Concrete Control: Uniformity in pavement mixes begins with proper aggregate management

Updated Jan 23, 2018

roadscience0916leadConcrete mixtures for paving present unique challenges, primarily because most pavement designs require the mix to stand up, particularly at the edges and back of the paver. Thus, it’s critical for the mix to have the correct proportions of the three main components: cement, water and aggregate.

roadscience0916graphicbThe aggregate is the biggest part of a concrete mixture’s volume and weight. It’s also the cheapest portion of the mixture, and the least uniform component.

While cement and water are critical and need to be monitored, the aggregate poses the biggest challenge for concrete pavement contractors, according to Leif Wathne, executive vice president of the American Concrete Pavement Association.

“A lot of the issues with plant operation is aggregate handling, so the loader operator becomes a key feature of a concrete mix operation,” he says. “If your loader operator knows what he’s doing, you’re going to be much more likely to have a consistent mix that performs the way it’s designed, and is proportioned properly.”

roadscience0916graphiccThat also factors into making sure contaminants don’t get into the aggregate and making sure the aggregates are not segregated, which falls under stockpile management.

Moisture content is a big issue in this process, Wathne says. “A lot of plants will put sprinklers on, but how they manage that is going to control whether that moisture is super wet on top. Just because they put sprinklers on top doesn’t mean it’s going to be at the right moisture content.”

But well-graded aggregate is perhaps the top issue, he says, stressing the effect of this factor on performance. (In fact,  the asphalt industry has also been focused on this, because the consequences of poor aggregate gradation in asphalt pavement are more obvious and can cause immediate problems.)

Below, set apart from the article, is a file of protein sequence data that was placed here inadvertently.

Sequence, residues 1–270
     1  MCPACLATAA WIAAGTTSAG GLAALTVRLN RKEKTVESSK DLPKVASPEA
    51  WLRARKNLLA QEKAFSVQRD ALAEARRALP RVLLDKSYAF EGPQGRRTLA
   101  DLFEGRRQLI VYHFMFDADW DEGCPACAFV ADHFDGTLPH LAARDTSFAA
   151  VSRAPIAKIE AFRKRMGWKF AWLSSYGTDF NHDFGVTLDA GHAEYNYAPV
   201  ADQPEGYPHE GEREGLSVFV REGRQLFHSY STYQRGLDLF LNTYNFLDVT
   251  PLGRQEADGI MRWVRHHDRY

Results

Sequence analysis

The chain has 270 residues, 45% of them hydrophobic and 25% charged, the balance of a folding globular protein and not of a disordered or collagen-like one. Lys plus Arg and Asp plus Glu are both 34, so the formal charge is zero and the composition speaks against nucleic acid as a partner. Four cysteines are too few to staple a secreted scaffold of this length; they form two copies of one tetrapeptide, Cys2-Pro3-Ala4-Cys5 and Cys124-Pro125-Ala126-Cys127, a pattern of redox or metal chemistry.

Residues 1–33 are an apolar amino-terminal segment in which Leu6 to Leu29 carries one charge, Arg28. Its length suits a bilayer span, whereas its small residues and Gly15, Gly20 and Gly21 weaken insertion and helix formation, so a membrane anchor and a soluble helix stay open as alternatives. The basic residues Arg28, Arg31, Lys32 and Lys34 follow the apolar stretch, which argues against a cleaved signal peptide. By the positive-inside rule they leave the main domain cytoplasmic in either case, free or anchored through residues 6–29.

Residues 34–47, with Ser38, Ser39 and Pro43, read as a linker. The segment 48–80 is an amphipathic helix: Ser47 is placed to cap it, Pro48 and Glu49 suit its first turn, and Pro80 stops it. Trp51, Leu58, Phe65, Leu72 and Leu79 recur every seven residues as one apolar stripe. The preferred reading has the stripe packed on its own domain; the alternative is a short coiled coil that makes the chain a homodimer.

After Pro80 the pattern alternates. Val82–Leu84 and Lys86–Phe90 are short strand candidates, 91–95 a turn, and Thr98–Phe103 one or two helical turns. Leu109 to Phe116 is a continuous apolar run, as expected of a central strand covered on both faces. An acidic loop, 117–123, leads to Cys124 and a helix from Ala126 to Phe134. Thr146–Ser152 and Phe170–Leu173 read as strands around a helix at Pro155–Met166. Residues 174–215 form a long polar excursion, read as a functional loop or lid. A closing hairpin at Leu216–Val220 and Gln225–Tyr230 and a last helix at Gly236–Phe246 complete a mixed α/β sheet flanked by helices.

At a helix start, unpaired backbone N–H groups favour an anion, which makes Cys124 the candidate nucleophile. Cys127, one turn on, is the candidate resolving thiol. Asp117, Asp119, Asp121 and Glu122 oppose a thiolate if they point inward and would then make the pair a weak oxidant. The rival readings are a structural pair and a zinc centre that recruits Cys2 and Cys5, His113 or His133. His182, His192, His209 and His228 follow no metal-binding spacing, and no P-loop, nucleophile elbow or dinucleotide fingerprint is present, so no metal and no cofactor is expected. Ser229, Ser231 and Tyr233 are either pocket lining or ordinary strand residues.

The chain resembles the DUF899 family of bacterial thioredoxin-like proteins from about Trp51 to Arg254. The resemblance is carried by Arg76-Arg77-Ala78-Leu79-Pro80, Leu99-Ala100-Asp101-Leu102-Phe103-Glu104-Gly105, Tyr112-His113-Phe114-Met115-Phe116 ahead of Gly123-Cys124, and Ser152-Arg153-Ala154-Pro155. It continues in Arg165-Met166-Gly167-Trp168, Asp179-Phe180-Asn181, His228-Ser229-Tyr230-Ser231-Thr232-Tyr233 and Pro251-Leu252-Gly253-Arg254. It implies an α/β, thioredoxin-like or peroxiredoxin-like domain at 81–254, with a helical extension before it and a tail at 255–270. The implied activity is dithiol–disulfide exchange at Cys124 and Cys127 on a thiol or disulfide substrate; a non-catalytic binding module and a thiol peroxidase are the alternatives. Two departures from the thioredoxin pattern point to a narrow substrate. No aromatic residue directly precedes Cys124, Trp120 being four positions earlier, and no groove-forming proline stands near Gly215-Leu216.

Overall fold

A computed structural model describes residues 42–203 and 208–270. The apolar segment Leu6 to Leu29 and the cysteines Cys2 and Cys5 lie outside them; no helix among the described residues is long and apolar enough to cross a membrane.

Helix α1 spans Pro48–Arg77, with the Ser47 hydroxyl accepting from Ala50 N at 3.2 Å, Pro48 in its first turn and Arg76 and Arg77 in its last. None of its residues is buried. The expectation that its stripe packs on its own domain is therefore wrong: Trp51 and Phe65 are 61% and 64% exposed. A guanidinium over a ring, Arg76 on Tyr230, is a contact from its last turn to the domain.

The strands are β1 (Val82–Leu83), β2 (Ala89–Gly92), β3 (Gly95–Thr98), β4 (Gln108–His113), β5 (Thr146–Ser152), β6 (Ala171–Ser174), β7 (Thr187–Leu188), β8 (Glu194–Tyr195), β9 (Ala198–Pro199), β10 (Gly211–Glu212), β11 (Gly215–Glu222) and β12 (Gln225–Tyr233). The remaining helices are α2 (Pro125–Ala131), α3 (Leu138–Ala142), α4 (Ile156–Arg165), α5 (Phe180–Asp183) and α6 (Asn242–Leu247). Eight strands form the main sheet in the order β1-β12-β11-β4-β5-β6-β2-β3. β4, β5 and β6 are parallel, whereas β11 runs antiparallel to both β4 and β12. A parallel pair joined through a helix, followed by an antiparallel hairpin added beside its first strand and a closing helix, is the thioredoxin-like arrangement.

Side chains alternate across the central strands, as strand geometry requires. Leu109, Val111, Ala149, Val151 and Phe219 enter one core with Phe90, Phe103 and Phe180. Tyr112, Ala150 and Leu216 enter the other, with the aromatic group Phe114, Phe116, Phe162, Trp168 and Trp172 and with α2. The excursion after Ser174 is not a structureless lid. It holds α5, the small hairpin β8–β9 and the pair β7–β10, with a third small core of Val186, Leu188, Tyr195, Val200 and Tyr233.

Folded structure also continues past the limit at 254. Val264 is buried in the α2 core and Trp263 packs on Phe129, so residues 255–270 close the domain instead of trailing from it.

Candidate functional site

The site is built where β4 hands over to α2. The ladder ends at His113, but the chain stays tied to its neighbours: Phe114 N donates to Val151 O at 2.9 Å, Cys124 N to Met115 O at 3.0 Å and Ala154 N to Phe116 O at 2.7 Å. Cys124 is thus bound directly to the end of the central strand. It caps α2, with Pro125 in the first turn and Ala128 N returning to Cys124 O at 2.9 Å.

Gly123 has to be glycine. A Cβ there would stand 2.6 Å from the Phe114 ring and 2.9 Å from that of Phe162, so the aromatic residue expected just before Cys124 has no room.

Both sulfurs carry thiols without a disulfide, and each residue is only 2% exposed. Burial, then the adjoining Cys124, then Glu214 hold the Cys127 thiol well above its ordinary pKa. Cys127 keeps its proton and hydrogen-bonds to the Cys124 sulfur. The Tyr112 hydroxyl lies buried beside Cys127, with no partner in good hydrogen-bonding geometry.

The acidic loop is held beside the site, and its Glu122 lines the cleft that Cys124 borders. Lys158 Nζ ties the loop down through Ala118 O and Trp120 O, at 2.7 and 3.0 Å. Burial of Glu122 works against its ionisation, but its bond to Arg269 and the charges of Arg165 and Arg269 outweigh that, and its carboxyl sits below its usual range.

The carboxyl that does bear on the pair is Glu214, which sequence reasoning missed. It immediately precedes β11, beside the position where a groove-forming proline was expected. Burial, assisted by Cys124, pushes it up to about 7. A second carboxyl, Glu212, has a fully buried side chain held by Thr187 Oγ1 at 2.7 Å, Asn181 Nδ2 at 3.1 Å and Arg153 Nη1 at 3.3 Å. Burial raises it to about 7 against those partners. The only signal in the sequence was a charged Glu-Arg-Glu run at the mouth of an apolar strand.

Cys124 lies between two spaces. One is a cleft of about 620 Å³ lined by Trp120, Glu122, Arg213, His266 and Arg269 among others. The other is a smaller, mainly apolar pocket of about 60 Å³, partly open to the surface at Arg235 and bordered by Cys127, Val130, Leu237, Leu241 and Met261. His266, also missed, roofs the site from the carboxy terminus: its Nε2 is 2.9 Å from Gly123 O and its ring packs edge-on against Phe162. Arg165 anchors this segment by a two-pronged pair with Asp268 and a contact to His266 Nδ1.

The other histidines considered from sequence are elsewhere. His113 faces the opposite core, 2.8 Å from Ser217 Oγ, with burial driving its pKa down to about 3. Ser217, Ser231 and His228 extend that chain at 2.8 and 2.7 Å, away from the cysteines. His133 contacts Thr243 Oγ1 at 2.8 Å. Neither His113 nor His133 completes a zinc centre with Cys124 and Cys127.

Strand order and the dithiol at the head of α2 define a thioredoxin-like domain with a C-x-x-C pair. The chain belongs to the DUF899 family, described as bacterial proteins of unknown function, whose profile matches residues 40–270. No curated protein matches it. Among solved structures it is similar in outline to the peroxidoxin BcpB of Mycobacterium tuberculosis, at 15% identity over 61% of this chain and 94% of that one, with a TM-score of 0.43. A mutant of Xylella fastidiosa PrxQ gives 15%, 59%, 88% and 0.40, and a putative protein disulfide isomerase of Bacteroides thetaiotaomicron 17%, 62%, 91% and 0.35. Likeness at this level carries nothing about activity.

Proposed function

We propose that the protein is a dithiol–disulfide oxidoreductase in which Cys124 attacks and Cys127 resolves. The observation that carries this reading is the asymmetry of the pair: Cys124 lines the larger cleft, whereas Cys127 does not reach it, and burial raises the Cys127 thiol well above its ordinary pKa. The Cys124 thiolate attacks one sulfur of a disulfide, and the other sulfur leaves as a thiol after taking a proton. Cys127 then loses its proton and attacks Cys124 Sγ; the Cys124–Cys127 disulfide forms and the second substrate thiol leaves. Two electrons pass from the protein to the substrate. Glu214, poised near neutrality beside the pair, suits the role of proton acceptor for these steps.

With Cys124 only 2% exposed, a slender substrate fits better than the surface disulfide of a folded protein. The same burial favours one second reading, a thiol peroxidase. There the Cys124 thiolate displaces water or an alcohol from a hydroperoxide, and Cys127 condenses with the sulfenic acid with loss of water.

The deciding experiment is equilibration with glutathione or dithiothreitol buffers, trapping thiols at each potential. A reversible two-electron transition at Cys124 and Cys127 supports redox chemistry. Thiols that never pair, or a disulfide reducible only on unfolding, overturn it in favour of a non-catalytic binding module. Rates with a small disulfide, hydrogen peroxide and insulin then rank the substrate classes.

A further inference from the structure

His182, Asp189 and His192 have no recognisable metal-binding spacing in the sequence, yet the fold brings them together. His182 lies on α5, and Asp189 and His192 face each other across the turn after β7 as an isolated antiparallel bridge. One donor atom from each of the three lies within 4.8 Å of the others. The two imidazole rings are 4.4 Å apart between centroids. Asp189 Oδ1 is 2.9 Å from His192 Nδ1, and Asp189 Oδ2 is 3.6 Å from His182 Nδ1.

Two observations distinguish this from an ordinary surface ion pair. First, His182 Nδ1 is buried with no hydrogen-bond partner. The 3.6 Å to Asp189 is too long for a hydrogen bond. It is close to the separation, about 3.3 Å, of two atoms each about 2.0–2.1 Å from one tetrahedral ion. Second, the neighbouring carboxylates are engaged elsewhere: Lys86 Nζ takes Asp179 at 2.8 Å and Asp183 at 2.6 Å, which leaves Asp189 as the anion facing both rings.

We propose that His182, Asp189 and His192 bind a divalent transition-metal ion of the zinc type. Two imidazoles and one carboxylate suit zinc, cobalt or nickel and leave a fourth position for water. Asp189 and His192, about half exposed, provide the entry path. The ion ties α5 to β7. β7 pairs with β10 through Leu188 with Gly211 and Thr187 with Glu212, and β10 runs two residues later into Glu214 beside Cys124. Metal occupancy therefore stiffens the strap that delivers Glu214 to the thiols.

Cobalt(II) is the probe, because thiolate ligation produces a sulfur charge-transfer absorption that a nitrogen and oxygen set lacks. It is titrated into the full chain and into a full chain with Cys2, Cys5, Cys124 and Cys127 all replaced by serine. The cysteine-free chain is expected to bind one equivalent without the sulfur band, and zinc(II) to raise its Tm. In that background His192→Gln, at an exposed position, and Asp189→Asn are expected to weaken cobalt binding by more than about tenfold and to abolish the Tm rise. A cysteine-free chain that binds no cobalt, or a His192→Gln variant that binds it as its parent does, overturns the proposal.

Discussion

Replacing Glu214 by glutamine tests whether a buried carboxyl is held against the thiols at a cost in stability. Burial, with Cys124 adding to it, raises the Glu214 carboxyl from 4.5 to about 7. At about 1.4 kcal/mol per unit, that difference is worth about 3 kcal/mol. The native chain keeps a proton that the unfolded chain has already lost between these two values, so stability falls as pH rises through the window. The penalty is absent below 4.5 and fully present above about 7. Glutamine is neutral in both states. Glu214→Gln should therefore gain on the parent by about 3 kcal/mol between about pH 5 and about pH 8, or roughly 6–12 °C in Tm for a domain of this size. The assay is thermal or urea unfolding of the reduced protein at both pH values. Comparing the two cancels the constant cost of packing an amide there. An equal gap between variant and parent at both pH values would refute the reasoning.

“In concrete, it may not be inherently obvious what the performance issues are. Even placement issues are associated with poor aggregate gradation,” Wathne says.

Plants need to have an assortment of aggregate gradations, including coarse, intermediate, and fine. “I think getting well-graded aggregates is the most cost effective way for a concrete paver to consistently deliver and place high quality concrete pavement,” Wathne says.


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The concrete paving industry has been criticized for its seemingly increasing reliance on performance-enhancing admixtures.

“Along with these various admixtures, when we also use supplementary cementitious materials like fly ashes or slags, sometimes incompatibilities can develop that cause the concrete to react in unexpected ways,” he says. And some admixtures are sensitive to extreme ambient temperatures or too-wet aggregate.

“You then have outcomes you would never anticipate,” Wathne says. “It’s just a more complicated system. In the past, we didn’t have these tools available to us, so we ended up with mixtures that performed fine, but they were probably not optimized.”


Performance troubleshooting

roadscience0916graphicaWhen a pavement isn’t performing as it should, a contractor may first feel he should contact the paver manufacturer. The first thing the manufacturer will do is ask about the mix qualities.

In addition to the aggregate gradation, contractors must also look at the design of the mix and the proportioning. The design establishes the concrete’s strength, intended purpose, and environment.

This means contractors must scrutinize what they are designing, the proportions of the mix, and other specifications to determine if they can expect it to perform properly.

“A lot of it has to do with uniformity as well,” Wathne says. “You’re paving day in day out and it’s a tough environment out there because the weather and material changes.” Contractors have to constantly adjust for all these variables in their paving operation so that a uniform, smooth product comes out of the paver every day.